Search Results for: "christmas bible study"

How to Prepare a Christmas Bible Study on John 1

christmas sermon ideas

Today, I’d like to walk you through how you can use Logos to prepare a Christmas study, whether it be for your small group, or for the entire church. I’ll be studying my favorite account of Jesus’ advent: the Gospel of John.

But wait! The Christmas story is only found in Matthew and Luke’s gospel! I beg to differ. While those are indeed the two narrative treatments of the earthly events, John’s Gospel adequately recounts the spiritual and metaphysical side, as we’ll see today. Furthermore, John’s story takes us from Genesis through to Revelation.

[Read more…]

Who Are the Unnamed Prophets in Matthew?

Today’s post continues Logos Talk’s Christmas Bible study. Check back throughout December for more ways to study the birth of Jesus!

As he details the birth of Jesus, Matthew references several prophets and prophecies without mentioning their names:

  • “Now all this took place to fulfill what was spoken by the Lord through the prophet: ‘behold, the virgin shall be with child . . .’” (Matthew 1:22–23 NASB)
  • “for this is what has been written by the prophet: ‘and you, Bethlehem . . .’” (2:5–6)
  • “what had been spoken by the Lord through the prophet: ‘out of Egypt I called my son.’” (2:15)

Who are these prophets?

If you’re using Logos 5, finding out is easy: just turn on the speaker labels filter . . .

. . . and see who’s speaking by hovering on the quotation!

And if I click the bullhorn, I can see the Bible Facts entry for that person. Using this tool, it takes seconds to discern the first three unnamed prophets in Matthew’s gospel: Isaiah, Micah, and Hosea, respectively.

But why is this important?

Like Corey said earlier, Matthew has already used God’s history with Israel—his story of redemption—to set the stage for the birth of Jesus. Now let’s see if these prophecies tie into that story.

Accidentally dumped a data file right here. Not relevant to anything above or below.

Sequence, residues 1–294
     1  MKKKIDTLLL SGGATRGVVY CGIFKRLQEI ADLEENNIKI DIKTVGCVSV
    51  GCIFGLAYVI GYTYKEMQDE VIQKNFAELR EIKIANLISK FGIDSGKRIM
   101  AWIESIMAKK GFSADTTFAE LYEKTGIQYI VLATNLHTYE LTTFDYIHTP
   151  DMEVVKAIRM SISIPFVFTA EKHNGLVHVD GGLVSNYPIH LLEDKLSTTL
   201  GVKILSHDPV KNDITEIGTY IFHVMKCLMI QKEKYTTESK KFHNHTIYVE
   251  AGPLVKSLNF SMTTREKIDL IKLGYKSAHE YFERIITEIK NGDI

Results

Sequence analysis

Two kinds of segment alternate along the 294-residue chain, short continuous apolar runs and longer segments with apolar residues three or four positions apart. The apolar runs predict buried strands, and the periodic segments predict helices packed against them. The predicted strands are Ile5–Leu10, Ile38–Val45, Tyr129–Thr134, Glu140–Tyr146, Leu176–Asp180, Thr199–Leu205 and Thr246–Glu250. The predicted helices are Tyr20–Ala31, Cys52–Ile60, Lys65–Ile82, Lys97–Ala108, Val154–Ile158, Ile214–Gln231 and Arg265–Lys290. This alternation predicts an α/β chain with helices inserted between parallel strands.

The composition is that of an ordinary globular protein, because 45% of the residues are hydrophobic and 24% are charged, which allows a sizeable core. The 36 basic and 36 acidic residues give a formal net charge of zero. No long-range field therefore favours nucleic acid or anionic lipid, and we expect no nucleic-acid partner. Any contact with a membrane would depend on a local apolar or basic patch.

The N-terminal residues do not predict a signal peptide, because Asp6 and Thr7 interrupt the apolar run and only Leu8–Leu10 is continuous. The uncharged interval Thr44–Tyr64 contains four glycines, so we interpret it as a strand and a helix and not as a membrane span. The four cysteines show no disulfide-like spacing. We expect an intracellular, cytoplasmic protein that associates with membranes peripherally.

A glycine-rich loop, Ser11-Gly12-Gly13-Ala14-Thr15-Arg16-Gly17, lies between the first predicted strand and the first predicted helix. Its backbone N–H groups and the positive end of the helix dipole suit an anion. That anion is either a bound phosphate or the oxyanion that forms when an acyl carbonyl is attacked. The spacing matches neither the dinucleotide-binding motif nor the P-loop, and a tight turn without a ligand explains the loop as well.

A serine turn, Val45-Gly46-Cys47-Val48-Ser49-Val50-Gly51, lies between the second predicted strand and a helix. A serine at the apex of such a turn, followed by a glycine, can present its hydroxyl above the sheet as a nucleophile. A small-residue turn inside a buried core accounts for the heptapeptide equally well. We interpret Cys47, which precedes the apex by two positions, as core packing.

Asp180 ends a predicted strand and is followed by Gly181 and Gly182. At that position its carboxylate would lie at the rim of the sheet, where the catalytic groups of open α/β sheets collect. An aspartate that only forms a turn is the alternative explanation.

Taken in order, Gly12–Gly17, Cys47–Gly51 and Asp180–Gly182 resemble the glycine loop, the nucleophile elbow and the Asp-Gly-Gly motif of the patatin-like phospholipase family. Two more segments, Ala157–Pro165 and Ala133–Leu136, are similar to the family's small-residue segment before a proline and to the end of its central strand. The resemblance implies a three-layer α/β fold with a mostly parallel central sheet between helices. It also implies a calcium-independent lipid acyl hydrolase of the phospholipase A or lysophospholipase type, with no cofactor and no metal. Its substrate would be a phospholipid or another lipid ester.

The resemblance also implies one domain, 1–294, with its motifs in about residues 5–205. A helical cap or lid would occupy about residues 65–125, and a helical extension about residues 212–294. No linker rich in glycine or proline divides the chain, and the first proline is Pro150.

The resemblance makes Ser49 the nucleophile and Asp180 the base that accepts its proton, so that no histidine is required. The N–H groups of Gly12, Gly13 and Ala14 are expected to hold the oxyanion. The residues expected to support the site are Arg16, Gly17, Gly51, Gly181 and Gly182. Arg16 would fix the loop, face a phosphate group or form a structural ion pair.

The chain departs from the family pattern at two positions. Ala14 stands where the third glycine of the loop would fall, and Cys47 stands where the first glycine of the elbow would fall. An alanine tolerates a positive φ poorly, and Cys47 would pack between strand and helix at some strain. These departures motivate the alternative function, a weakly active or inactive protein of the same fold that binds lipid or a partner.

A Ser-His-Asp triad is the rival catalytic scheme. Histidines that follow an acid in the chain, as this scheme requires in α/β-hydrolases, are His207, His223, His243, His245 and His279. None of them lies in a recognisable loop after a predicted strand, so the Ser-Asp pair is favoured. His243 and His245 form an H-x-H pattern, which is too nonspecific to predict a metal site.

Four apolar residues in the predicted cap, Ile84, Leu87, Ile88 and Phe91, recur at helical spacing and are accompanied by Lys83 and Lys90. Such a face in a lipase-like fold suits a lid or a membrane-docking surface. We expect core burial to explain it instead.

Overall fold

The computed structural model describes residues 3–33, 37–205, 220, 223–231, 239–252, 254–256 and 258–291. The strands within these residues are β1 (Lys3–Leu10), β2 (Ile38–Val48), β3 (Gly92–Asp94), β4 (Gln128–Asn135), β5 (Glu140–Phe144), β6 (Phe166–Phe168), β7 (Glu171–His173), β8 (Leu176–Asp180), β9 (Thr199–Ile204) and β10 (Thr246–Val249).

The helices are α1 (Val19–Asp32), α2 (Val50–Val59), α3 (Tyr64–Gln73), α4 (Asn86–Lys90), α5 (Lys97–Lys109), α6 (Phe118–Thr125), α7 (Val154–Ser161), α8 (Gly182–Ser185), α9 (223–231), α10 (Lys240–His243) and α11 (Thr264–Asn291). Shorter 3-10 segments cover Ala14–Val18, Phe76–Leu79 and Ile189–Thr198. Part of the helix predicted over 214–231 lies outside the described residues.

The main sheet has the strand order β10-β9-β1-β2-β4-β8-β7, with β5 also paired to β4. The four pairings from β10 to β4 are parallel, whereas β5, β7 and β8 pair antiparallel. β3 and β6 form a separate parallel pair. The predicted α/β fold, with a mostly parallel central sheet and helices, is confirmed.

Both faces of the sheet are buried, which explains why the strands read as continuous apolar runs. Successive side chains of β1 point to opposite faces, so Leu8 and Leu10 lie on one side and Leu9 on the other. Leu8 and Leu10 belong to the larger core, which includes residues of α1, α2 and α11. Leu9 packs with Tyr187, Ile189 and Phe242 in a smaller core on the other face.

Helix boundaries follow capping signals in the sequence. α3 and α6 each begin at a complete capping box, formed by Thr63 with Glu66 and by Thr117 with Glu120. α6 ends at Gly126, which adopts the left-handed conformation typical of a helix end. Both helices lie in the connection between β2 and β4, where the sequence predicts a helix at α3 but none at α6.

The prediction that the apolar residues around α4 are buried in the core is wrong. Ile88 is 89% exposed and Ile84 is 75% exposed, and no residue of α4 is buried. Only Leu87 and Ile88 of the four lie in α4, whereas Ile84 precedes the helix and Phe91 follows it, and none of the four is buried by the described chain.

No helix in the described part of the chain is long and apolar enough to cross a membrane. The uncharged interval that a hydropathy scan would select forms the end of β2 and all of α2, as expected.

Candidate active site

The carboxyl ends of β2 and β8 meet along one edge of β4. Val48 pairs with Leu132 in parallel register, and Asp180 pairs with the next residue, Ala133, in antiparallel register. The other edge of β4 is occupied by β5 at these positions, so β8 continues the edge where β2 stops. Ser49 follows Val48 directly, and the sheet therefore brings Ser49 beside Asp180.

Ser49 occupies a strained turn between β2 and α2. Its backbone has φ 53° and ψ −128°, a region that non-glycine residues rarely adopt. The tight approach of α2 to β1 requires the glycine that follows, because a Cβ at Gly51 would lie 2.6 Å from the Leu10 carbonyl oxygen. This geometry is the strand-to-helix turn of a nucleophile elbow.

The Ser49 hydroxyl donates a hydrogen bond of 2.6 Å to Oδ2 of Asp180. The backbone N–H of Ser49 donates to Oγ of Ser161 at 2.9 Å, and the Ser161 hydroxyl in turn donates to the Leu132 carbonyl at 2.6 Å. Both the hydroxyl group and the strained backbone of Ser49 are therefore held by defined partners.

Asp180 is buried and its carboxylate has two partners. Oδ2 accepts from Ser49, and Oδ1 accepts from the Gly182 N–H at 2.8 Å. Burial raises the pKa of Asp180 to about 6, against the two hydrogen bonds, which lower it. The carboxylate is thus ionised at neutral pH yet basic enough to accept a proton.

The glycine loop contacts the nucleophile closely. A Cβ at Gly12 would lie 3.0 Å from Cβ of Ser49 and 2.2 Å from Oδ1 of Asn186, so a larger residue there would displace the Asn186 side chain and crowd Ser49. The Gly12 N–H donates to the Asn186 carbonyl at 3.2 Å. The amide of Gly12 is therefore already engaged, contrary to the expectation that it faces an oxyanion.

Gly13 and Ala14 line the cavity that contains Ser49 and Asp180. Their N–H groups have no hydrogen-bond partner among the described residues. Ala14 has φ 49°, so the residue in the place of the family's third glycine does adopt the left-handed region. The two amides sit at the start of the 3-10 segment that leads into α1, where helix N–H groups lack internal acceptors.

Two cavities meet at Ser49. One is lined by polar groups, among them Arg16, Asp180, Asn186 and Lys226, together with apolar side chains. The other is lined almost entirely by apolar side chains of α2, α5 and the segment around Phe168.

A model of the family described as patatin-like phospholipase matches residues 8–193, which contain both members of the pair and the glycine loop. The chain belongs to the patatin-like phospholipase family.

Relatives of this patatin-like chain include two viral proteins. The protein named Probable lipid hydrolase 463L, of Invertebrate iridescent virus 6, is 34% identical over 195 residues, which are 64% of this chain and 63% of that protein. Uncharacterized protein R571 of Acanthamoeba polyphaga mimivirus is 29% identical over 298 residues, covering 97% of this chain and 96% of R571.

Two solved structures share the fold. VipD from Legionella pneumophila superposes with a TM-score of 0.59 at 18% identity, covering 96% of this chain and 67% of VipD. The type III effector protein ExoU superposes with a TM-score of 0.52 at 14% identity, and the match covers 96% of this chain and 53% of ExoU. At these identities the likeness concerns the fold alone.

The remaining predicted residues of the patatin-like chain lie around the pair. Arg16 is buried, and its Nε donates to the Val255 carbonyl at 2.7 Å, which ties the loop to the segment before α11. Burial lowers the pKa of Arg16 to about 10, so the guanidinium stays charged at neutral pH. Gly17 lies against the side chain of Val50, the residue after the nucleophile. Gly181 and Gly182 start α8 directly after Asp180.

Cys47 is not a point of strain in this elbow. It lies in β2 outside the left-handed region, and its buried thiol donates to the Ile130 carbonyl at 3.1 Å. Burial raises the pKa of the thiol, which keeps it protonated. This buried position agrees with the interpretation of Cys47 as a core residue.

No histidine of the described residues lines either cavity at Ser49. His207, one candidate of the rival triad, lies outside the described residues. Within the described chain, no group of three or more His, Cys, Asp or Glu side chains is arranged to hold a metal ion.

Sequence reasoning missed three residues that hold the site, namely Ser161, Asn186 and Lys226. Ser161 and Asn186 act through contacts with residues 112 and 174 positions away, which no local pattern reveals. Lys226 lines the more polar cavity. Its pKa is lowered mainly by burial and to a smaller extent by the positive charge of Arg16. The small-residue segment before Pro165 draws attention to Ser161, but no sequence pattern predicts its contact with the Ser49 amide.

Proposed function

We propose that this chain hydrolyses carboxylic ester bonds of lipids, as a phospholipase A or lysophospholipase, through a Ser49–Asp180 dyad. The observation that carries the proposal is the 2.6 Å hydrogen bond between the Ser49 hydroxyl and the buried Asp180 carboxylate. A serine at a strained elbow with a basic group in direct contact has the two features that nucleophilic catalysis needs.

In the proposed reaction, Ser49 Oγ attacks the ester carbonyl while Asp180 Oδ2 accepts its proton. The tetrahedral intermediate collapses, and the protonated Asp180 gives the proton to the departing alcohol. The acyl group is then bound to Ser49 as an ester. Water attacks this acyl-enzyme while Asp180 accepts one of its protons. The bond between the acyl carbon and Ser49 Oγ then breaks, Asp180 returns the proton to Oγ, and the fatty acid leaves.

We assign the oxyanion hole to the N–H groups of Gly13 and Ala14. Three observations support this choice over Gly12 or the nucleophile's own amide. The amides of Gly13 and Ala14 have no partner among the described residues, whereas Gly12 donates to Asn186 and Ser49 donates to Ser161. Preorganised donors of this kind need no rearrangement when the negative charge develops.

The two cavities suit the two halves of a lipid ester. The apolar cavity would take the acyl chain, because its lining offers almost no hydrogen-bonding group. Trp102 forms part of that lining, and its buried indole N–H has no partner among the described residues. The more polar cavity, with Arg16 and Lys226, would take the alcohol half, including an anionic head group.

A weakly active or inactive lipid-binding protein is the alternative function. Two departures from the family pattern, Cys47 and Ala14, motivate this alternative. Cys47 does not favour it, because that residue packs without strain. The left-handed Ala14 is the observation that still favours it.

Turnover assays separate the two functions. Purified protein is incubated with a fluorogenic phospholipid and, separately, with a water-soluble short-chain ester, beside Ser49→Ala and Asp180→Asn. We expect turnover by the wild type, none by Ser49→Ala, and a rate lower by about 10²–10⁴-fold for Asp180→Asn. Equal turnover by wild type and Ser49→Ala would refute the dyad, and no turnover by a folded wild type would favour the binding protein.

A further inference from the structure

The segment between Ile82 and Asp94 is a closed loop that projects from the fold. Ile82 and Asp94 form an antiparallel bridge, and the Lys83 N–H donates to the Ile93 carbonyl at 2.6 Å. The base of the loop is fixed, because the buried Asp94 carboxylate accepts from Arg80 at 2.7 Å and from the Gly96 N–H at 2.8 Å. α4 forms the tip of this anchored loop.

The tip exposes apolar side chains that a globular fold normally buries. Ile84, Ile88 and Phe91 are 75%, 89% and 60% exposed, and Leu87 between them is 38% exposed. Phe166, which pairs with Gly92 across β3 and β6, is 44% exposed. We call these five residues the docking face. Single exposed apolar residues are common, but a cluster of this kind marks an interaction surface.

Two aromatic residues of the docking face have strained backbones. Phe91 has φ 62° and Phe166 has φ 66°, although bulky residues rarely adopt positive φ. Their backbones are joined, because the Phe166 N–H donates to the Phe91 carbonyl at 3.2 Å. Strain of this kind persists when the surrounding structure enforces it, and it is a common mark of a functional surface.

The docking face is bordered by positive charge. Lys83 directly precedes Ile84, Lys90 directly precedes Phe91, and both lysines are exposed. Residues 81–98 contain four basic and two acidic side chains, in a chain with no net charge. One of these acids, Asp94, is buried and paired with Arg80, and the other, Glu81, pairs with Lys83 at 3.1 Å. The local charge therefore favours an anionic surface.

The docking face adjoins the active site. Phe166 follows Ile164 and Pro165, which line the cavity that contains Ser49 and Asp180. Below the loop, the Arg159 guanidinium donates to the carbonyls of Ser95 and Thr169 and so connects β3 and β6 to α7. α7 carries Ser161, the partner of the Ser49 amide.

• Isaiah: Matthew quotes Isaiah 7:14 (NASB), a message the prophet gave Ahaz, king of Judah. Ahaz was afraid that Jerusalem would fall to her enemies and another king would take the throne God promised to David’s family. Isaiah prophecies that Judah’s enemies will fail; then he speaks of Immanuel. God kept his promise: the enemy nations didn’t overthrow Jerusalem. Now, in Matthew, the promise of Immanuel is fulfilled through Jesus, and Ahaz is part of the story (Matthew 1:9 NASB).
  • Micah: Matthew quotes one of Isaiah’s contemporaries here. In Micah 5:2 (NASB), the prophet says the Lord will send a “ruler in Israel” from Bethlehem. This would be no ordinary ruler, though: Micah says “his goings forth are from long ago, from the days of eternity,” “he will be great,” and “this one will be our peace.” Again, this isn’t just a sign or prediction; this is God declaring his faithfulness to his people.
  • Hosea: the 11th chapter of Hosea gives us a glimpse of God’s indignation and compassion regarding Israel. God says that Israel will fall to the Assyrians (which it did), but promises to bring them back home, and that he “will not destroy [Israel] again.” This prophecy never explicitly mentions the Messiah, but it does promise redemption to Israel.

So, by looking at these prophecies, I learn a few things:

  1. Understanding Old Testament prophecy helps me understand the New Testament. Each of these snippets that Matthew quotes is a goldmine for understanding God’s relationship to his people.
  2. God’s relationship and promises to Israel are already important in Matthew. I should keep an eye out for these themes in the rest of the book.
  3. God keeps his promises. He is faithful and good and mighty and trustworthy. And using Logos 5, I can use each one of these prophecies as an avenue to knowing God better and knowing his word more thoroughly.